In 2016, the Minister of Health and Social Protection of Colombia, Alejandro Gaviria Uribe announced that "teenage pregnancy decreased by two percentage points breaking the growing tendency that had been seen since the nineties".
In 2013, the teenage birth rate in the United States reached a historic low: 26.6 births per 1,000 women aged 15–19. More than three-quarters of these births are to adult women aged 18 or 19. In 2005 in the U.S., the majority (57%) of teen pregnancies resulted in a live birth, 27% ended in an induced abortion, and 16% in a fetal loss.
The U.S. teen birth rate was 53 births per 1,000 women aged 15–19 in 2002, the highest in the developed world. If all pregnancies, including those that end in abortion or miscarriage, are taken into account, the total rate in 2000 was 75.4 pregnancies per 1,000 girls. Nevada and the District of Columbia have the highest teen pregnancy rates in the U.S., while North Dakota has the lowest. Over 80% of teenage pregnancies in the U.S. are unintended; approximately one third end in abortion, one third end in spontaneous miscarriage, and one third will continue their pregnancy and keep their baby.
However, the trend is decreasing: in 1990, the birth rate was 61.8, and the pregnancy rate 116.9 per thousand. This decline has manifested across all races, although teenagers of African-American and Latino descent retain a higher rate, in comparison to that of European-Americans and Asian-Americans. The Guttmacher Institute attributed about 25% of the decline to abstinence and 75% to the effective use of contraceptives.
Within the United States teen pregnancy is often brought up in political discourse. The goal to limit teen pregnancy is shared by Republicans and Democrats, though avenues of reduction are usually different. Many Democrats cite teen pregnancy as proof of the continuing need for access to birth control and sexual education, while Republicans often cite a need for returning to conservative values, often including abstinence.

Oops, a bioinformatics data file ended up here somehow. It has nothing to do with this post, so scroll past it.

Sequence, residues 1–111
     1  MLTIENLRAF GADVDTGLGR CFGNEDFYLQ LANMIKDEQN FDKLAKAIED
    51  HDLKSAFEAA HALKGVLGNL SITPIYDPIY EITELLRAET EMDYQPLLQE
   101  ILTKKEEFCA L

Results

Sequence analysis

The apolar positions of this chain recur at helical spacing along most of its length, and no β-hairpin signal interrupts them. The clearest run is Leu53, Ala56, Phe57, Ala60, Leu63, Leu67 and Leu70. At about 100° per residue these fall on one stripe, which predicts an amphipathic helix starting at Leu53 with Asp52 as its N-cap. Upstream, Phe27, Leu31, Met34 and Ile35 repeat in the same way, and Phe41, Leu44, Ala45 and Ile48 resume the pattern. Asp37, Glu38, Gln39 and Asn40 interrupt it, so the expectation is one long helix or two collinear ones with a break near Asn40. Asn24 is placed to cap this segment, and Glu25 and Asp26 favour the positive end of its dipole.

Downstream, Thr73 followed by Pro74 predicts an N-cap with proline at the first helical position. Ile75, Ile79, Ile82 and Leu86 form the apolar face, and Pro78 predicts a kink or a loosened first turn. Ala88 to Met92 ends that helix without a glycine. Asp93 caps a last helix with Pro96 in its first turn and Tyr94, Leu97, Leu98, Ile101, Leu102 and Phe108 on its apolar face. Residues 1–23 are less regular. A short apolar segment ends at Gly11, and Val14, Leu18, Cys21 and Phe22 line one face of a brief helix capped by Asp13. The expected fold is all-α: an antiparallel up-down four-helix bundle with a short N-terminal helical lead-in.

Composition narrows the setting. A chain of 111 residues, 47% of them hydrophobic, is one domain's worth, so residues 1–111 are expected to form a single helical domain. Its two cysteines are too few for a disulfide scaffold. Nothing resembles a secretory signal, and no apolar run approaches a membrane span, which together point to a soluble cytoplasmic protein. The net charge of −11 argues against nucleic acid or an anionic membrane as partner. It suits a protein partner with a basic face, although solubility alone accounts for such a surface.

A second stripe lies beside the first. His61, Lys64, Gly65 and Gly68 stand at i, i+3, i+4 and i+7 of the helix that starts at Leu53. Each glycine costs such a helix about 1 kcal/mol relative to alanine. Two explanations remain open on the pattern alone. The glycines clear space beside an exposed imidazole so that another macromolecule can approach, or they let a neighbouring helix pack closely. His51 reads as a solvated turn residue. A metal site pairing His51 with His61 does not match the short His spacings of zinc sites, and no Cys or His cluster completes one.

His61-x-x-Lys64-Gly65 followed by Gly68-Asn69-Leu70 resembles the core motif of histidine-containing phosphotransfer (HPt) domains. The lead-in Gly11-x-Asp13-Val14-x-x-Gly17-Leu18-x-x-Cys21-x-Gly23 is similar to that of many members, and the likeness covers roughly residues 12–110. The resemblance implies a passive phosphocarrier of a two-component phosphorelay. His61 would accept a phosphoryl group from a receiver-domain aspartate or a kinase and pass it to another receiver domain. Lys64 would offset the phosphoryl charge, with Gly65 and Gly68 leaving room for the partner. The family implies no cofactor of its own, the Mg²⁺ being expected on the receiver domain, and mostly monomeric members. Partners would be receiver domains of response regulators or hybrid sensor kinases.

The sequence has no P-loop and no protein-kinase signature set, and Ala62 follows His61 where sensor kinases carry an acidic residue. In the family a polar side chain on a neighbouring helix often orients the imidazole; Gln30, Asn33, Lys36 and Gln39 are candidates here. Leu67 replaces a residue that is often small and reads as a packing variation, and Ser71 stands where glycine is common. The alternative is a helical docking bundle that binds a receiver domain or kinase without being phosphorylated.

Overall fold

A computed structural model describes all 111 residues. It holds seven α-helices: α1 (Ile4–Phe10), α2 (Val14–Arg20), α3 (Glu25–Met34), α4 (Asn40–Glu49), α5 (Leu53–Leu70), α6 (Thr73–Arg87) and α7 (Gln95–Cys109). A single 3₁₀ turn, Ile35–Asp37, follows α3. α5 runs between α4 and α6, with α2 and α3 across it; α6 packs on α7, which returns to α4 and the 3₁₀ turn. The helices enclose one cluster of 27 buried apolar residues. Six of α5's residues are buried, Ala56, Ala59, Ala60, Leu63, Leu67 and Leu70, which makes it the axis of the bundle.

An inverse correlation has been noted between teen pregnancy rates and the quality of education in a state. A positive correlation, albeit weak, appears between a city's teen pregnancy rate and its average summer night temperature, especially in the Southern U.S. (Savageau, compiler, 1993–1995).
World Development IndicatorEdit
The birth rate for women aged 15–19 is one of the World Bank's World Development Indicators. The data for most countries and a variety of groupings (e.g. Sub-Saharan Africa or OECD members) are published regularly, and can be viewed or downloaded from a United Nations website.
UN Statistics Division, live birth 2009Edit
Per 1,000 women 15–19 years old:
|Country||Teenage birth rate
per 1000 women 15–19
|Bosnia and Herzegovina||14.9||2009|
|US Virgin Islands||53.1||2007|
UN Statistics Division, estimates 1995-2010Edit
Per 1,000 women 15–19 years old, source:
|Bosnia and Herzegovina||27.0||18.2||16.4|
|Central African Republic||134.4||122.5||106.6|
|Republic of the Congo||130.2||130.5||118.7|
|Democratic Republic of the Congo||242.0||230.6||201.4|
|Federated States of Micronesia||44.8||34.3||25.4|
|Occupied Palestinian Territory||96.5||71.4||53.5|
|Papua New Guinea||75.6||71.0||66.9|
|Republic of Moldova||58.1||37.4||33.8|
|Saint Vincent and the Grenadines||76.1||64.6||58.9|
|Sao Tome and Principe||94.6||80.0||66.1|
|Syrian Arab Republic||51.9||45.5||42.8|
|Trinidad and Tobago||42.1||35.4||34.7|
|United Arab Emirates||27.6||24.9||26.7|
|United States of America||50.5||43.1||41.2|
|United States Virgin Islands||51.9||37.6||29.2|
Birth and abortion rates, 1996Edit
|Country||birth rate||abortion rate||combined rate||% aborted|